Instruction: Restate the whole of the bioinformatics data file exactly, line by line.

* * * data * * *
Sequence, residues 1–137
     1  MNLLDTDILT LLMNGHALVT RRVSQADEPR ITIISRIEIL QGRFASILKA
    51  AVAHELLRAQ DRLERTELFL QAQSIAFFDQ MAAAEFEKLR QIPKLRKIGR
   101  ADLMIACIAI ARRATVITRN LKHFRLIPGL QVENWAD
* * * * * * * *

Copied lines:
Sequence, residues 1–137
     1  MNLLDTDILT LLMNGHALVT RRVSQADEPR ITIISRIEIL QGRFASILKA
    51  AVAHELLRAQ DRLERTELFL QAQSIAFFDQ MAAAEFEKLR QIPKLRKIGR
   101  ADLMIACIAI ARRATVITRN LKHFRLIPGL QVENWAD